Susvara (सुस्वर) refers to a “melodious voice” and represents one of the various kinds of Nāma, or “physique-making (karmas)”, which represents one of the eight types of Prakṛti-bandha (species bondage): one of the four kinds of bondage (bandha) according to the 2nd-century Tattvārthasūtra chapter 8. What is meant by the melodious voice (susvara) body-making karma? The rise of which causes a living being to have sweet and likable voice by others is called melodious voice body-making karmas. 

The opposite-pair of susvara (melodious voice) is duḥsvara (harsh voice).

General definition book cover
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Jainism is an Indian religion of Dharma whose doctrine revolves around harmlessness (ahimsa) towards every living being. The two major branches (Digambara and Svetambara) of Jainism stimulate self-control (or, shramana, ‘self-reliance’) and spiritual development through a path of peace for the soul to progess to the ultimate goal.

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Languages of India and abroad

Marathi-English dictionary

Source: DDSA: The Molesworth Marathi and English Dictionary

susvara (सुस्वर).—n (S) A musical or pleasant note, tone, or sound.

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susvara (सुस्वर).—a (S) Of a good tone or musical sound.

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susvara (सुस्वर).—f (Commonly susara) An alligator. Pr. taḷyācyā āśēnēṃ susvara mēlī.

Source: DDSA: The Aryabhusan school dictionary, Marathi-English

susvara (सुस्वर).—m A musical note. f An alliga- tor. a Of a good tone.

context information

Marathi is an Indo-European language having over 70 million native speakers people in (predominantly) Maharashtra India. Marathi, like many other Indo-Aryan languages, evolved from early forms of Prakrit, which itself is a subset of Sanskrit, one of the most ancient languages of the world.

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Sanskrit dictionary

Source: DDSA: The practical Sanskrit-English dictionary

Susvara (सुस्वर).—a.

1) melodious, harmonious.

2) loud. °यन्त्रकम् (yantrakam) a kind of musical instrument; युता सुस्वरयन्त्रकैः (yutā susvarayantrakaiḥ) Śukra.1.247.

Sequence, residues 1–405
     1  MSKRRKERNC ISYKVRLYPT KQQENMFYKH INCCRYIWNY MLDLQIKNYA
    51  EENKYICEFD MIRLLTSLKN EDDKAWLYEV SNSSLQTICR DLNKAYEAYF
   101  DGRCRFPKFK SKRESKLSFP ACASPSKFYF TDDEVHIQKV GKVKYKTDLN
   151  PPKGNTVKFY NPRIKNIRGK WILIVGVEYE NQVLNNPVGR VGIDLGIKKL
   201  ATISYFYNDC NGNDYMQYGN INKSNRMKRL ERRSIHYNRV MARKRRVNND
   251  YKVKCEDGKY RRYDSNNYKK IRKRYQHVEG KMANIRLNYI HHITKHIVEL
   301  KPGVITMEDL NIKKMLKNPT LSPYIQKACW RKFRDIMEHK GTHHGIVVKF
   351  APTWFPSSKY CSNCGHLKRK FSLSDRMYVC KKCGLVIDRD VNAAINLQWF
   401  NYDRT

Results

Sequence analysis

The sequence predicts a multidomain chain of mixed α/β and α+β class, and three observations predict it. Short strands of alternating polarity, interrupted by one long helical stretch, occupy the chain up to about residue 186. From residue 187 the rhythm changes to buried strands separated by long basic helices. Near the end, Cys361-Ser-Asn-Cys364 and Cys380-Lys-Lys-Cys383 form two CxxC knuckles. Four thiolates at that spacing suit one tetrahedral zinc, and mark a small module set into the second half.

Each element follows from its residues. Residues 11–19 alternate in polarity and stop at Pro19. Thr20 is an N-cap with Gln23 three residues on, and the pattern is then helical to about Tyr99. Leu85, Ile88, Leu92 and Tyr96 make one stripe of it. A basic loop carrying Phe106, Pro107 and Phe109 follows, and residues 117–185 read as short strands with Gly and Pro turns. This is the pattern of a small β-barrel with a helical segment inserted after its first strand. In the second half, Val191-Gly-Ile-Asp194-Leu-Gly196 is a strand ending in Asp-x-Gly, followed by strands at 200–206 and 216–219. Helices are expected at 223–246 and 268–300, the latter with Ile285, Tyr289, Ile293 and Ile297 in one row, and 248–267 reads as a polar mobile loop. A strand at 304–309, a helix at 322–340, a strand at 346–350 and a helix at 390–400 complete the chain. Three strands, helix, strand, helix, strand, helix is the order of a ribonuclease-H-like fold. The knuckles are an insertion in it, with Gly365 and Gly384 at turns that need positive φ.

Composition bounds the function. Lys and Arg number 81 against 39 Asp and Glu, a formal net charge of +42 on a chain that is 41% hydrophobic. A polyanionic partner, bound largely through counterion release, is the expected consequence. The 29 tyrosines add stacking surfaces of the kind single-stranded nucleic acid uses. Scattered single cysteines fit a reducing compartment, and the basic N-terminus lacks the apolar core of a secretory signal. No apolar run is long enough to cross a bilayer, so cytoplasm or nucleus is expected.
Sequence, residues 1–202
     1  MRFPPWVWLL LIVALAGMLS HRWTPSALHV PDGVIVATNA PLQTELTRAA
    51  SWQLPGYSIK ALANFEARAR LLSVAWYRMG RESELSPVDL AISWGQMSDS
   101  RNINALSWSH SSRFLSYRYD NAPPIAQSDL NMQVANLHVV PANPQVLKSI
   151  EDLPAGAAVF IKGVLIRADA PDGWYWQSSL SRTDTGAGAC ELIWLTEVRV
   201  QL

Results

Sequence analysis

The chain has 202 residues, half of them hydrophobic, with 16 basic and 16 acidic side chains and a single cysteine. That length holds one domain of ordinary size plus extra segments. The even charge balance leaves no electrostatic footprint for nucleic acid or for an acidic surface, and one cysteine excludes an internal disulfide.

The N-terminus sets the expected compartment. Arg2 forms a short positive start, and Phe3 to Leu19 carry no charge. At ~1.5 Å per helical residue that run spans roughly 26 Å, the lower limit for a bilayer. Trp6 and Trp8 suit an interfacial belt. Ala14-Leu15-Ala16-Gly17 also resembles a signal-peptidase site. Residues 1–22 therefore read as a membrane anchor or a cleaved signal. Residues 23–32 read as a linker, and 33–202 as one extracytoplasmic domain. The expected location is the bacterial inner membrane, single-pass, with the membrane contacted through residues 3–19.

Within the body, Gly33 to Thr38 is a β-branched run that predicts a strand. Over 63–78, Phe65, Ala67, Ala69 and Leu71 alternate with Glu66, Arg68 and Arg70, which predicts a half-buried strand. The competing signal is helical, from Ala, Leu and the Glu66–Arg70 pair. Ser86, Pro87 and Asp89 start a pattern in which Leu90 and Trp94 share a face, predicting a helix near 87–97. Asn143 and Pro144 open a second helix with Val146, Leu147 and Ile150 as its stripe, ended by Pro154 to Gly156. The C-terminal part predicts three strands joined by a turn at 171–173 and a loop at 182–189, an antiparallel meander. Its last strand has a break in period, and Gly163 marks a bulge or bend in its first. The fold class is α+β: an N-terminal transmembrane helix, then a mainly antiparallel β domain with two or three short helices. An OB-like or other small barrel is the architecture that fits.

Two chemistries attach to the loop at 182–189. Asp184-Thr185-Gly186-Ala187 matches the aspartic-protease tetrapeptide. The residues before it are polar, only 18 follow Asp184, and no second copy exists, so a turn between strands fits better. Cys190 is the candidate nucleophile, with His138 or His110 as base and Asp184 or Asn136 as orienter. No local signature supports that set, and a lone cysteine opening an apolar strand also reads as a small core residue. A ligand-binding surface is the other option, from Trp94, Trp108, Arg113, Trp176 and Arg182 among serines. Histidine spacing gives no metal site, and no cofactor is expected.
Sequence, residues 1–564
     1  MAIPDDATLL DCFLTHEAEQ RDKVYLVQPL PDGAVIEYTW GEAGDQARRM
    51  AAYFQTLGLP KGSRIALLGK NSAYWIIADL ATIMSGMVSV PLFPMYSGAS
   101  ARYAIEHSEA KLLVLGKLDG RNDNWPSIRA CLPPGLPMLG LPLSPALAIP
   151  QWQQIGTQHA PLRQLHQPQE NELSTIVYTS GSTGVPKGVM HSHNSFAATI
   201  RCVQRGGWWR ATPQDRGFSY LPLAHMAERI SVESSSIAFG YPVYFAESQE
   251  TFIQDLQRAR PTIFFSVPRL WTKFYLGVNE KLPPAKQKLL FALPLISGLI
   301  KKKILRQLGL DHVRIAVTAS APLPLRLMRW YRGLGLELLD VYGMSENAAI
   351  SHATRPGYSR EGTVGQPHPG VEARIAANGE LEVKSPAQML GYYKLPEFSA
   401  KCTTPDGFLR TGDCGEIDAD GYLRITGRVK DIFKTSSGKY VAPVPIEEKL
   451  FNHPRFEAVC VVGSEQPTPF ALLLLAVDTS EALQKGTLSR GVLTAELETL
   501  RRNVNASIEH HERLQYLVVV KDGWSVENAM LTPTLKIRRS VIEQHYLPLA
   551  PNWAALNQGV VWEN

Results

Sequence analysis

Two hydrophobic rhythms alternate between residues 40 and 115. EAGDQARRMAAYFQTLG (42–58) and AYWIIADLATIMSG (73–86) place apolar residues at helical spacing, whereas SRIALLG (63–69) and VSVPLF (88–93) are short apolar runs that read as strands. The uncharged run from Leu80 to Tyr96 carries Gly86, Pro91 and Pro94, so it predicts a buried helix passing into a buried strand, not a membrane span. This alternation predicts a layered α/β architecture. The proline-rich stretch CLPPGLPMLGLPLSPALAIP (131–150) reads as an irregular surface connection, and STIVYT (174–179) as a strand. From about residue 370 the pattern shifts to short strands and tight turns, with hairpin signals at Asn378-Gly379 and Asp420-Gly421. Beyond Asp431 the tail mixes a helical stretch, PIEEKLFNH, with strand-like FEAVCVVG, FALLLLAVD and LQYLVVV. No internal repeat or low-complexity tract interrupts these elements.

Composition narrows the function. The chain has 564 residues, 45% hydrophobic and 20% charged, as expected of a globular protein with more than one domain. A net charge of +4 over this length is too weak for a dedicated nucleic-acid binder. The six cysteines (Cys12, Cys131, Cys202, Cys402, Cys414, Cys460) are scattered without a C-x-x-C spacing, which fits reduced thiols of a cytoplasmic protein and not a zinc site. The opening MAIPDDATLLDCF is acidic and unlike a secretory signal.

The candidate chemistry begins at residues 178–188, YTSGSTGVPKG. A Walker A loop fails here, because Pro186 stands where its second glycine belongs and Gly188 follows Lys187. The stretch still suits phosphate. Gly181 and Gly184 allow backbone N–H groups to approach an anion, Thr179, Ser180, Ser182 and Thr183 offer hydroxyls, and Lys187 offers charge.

Susvara is a Sanskrit compound consisting of the terms su and svara (स्वर).

Source: Cologne Digital Sanskrit Dictionaries: Benfey Sanskrit-English Dictionary

Susvara (सुस्वर).—adj. loud, Chr. 12, 28.

Susvara is a Sanskrit compound consisting of the terms su and svara (स्वर).

Source: Cologne Digital Sanskrit Dictionaries: Cappeller Sanskrit-English Dictionary

Susvara (सुस्वर).—[adjective] sounding well or loud; [neuter] [adverb]

Source: Cologne Digital Sanskrit Dictionaries: Monier-Williams Sanskrit-English Dictionary

1) Susvara (सुस्वर):—[=su-svara] [from su > su-saṃyata] m. the right tone or accent, [Śikṣā]

2) [v.s. ...] mf(ā)n. having a beautiful voice, [Mahābhārata]

3) [v.s. ...] mf(ā)n. well-sounding, harmonious, melodious (am ind.), [Kāvya literature; Kathāsaritsāgara]

4) [v.s. ...] mf(ā)n. loud (am ind.), [Mahābhārata; Rāmāyaṇa] etc.

5) [v.s. ...] m. a conch, [cf. Lexicographers, esp. such as amarasiṃha, halāyudha, hemacandra, etc.]

6) [v.s. ...] Name of a son of Garuḍa, [Mahābhārata]

Source: DDSA: Paia-sadda-mahannavo; a comprehensive Prakrit Hindi dictionary (S)

Susvara (सुस्वर) in the Sanskrit language is related to the Prakrit words: Susara, Sussara, Sussarā, Sūsara.

[Sanskrit to German]

Susvara in German

context information

Sanskrit, also spelled संस्कृतम् (saṃskṛtam), is an ancient language of India commonly seen as the grandmother of the Indo-European language family (even English!). Closely allied with Prakrit and Pali, Sanskrit is more exhaustive in both grammar and terms and has the most extensive collection of literature in the world, greatly surpassing its sister-languages Greek and Latin.

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Hindi dictionary

[«previous next»] — Susvara in Hindi glossary
Source: DDSA: A practical Hindi-English dictionary

Susvara (सुस्वर):—(a and nm) melodious voice/tune; hence ~[] (nf).

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Kannada-English dictionary

Source: Alar: Kannada-English corpus

Susvara (ಸುಸ್ವರ):—[noun] a melodious, pleasing note or sound.

context information

Kannada is a Dravidian language (as opposed to the Indo-European language family) mainly spoken in the southwestern region of India.